Review: What Color Is Monday? by Carrie Cariello

what color is mondayWhat Color is Monday?
written by Carrie Cariello
published by Riddle Brook Publishing

find it here (affiliate links): Amazon, Book Depository, Goodreads

Why did I pick this book:  I was asked by the publicist to review Ms. Cariello’s book. However, this was not a book that I was interested in reading at this time. So . . . I asked my sister-in-law, who is a behavior analyst, if she would be interested in reading What Color is Monday? and she said she would. (She received a copy of this book for review purposes.)

With that being said, I am pleased to introduce Every Free Chance Book Reviews’s new contributing reviewer, MELISSA!!!!! As I said, Melissa is my sister-in-law, lover of books, and a stay-at-home mom as well. I’m so excited that she will be doing some reviews for the blog in the future. So, without further ado, please welcome Melissa and her review!

Did Melissa enjoy this book: I did! I laughed out loud once or twice (and teared up a few times, too).  Cariello tells her story with confidence and class.

I found the first part of the book a bit tedious (mostly because I felt like I was getting briefed on a new case – I’m a behavior analyst and I’ve worked with people on the spectrum for years), but for people new to ASD, Cariello’s book is a great way to get a glimpse of life with autism.  She describes the endless doctor visits and therapy sessions with strength and humor, and although her writing sometimes feels a bit over-stylized, it’s hard not to fall in love with the entire Cariello family.
Several things will stick with me – Joe’s whispered counting during fireworks, Jack’s drawing of “Toilet” and “Underwear,”  the disastrous family swim lessons, and Cariello’s poignant letters to her children each year on their birthdays.  I’m impressed with her cognizance of the quiet, happy moments many of us rush right over, and I had to stop reading several times to go attack my ten month old with snuggles.
Blame it on my career choice if you like, but I cringed a bit each time Cariello tried to explain Jack’s behavior to strangers by labeling it as autism. After more than ten years in the field, I’ve come to understand that people who stare are going to stare whether you shout “autism” or not, and the people for whom it would make a difference don’t really care about labels.
I’ve certainly had my share of cringe-worthy moments (highlights include chasing a buck-naked six year old as he sprinted down the street and helping a mother carry her preschooler away from a museum train exhibit as he shouted, “Help! No! Help! Help Me!” at the top of his tiny voice).  Now that I’m a mother, I’m beginning to understand that it’s a bit more personal when it’s not just your client but your son making the scene, but I guess I wished that the Carrie who yelled at a blind man’s service dog would have made an appearance more often.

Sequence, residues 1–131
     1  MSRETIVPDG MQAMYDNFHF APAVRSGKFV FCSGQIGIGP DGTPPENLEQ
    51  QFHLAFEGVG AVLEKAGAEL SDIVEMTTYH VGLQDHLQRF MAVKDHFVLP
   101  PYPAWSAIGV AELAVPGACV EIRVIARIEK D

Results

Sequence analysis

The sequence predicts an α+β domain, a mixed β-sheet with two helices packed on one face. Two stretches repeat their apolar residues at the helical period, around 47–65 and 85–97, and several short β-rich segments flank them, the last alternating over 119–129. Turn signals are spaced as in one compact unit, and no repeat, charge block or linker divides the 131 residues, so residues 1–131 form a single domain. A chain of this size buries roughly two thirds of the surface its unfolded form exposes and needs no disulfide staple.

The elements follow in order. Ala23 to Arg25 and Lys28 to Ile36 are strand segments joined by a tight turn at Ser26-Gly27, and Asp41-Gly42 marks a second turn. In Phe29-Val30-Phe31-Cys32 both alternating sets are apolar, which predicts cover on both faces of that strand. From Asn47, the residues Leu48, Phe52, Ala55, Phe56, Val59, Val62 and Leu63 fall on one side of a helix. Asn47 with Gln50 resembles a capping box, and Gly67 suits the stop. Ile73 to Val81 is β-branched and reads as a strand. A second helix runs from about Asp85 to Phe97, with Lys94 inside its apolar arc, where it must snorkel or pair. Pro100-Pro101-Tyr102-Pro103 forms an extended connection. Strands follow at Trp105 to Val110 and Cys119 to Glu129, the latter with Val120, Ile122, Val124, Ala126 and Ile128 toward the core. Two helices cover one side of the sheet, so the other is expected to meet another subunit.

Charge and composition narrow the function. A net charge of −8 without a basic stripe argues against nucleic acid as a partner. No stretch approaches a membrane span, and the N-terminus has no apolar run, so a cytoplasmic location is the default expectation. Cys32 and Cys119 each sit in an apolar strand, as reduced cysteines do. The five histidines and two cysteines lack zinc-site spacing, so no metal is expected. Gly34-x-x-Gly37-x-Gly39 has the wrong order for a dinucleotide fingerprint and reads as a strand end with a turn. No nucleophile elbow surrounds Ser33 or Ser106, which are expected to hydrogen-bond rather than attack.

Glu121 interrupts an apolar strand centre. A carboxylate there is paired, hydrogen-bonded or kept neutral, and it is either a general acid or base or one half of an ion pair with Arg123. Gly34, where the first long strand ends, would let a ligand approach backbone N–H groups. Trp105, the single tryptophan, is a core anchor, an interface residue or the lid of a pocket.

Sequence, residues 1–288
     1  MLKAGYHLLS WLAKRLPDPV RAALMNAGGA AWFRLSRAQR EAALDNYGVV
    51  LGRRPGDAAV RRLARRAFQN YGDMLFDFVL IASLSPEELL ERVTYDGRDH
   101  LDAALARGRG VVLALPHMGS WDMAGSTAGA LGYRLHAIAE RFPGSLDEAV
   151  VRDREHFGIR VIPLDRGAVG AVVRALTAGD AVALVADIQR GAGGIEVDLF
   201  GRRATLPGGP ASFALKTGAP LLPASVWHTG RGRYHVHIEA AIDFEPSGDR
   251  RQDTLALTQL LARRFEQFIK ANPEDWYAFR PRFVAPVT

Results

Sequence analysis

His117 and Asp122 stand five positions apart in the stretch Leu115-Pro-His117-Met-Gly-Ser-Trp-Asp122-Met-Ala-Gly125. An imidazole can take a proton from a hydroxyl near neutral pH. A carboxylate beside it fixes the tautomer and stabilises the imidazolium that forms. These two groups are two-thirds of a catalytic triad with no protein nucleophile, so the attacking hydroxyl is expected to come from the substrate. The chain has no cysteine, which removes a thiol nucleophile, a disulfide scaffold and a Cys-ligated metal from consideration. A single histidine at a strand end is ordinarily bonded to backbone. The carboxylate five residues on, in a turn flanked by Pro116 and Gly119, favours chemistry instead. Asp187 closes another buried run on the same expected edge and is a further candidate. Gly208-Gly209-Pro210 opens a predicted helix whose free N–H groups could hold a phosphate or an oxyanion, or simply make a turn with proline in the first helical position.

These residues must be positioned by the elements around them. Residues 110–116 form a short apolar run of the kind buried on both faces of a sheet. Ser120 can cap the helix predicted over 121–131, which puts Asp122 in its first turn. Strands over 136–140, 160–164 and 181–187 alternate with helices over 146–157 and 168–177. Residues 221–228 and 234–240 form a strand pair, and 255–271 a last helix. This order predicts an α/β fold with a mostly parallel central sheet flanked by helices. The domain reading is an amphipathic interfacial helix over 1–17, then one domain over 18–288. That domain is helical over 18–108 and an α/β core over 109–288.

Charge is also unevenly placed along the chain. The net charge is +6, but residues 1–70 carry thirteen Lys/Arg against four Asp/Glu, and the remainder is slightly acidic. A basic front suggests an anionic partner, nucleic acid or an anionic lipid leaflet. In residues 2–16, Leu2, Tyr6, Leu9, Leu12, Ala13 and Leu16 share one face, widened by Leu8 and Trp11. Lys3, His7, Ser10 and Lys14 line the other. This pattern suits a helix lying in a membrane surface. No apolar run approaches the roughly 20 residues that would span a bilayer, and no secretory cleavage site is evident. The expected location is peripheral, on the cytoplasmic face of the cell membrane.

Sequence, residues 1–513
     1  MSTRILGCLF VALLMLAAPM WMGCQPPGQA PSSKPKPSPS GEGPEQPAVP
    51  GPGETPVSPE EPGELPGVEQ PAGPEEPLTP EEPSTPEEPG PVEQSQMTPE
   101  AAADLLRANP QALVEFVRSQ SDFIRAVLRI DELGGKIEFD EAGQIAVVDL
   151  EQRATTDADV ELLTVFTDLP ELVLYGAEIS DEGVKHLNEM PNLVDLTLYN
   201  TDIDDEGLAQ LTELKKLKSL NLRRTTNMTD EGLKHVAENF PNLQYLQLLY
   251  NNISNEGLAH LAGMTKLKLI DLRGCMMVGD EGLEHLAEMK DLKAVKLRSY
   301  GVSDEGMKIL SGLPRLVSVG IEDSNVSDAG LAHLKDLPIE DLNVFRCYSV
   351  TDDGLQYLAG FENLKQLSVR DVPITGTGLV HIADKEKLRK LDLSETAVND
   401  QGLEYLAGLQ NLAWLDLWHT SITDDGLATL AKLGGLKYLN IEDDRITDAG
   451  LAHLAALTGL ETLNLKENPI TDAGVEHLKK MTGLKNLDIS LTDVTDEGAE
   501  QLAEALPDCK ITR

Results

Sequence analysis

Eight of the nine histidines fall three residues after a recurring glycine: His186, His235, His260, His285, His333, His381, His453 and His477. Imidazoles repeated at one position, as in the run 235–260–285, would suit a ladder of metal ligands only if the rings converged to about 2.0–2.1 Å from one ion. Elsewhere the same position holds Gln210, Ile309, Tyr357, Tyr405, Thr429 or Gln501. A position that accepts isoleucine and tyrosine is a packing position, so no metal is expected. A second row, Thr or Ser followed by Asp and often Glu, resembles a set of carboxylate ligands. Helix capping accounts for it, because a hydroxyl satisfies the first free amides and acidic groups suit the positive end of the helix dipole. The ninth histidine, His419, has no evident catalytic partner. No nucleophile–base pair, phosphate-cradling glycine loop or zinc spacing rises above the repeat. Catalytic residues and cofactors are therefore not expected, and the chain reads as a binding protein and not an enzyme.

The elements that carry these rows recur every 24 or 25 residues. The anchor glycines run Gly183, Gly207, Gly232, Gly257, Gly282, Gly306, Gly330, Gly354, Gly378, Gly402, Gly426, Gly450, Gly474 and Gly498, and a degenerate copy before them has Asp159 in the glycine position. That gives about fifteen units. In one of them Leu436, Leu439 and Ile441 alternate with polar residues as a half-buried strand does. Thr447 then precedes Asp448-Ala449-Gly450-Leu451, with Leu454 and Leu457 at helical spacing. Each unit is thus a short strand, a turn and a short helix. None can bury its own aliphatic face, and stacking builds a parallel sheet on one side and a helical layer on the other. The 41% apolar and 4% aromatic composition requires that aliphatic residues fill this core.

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Would Melissa recommend it: Sure.  Even if you’re not interested in learning about autism, this is a great little book about a mother’s love for her family.  It’s a quick read, but a good one.

Will Melissa read it again: Probably not.  I rarely read books more than once, and I even stopped reading Ghandi’s biography halfway through because I wasn’t really enjoying it.  There are so many books in the universe I’ll never get to read due to sheer time constraints, so books that get a second read out of me really have to make my socks roll up and down.

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About the book – from Goodreads: One day last fall Jack asked me, “What color do you see for Monday?” as I heaved a chicken into the oven. “What?” I said distractedly, turning from the oven to slice some potatoes at the counter. It was late afternoon, and I was preparing dinner while also managing the demands of homework and tired toddlers. “Do you see days as colors?”

Raising five children would be challenge enough for most parents, but when one of them has been diagnosed with Autism Spectrum Disorder, the adventures become even more fascinating. In this moving–and often funny–memoir, author Carrie Cariello invites us to take a peek into exactly what it takes to get through each day with four boys and one girl, and shows us the beauty and wonder of a child who views the world through a different lens.

Carrie CarielloAbout the author: Carrie Cariello lives in Southern New Hampshire with her husband, Joe, and their five children. She is a regular contributor to Autism Spectrum News and has been published in several local parenting magazines. She has a Master’s in Public Administration from Rockefeller College and an MBA from Canisius College in New York. She also blogs regularly about Jack and the Cariello clan at www.carriecariello.com.

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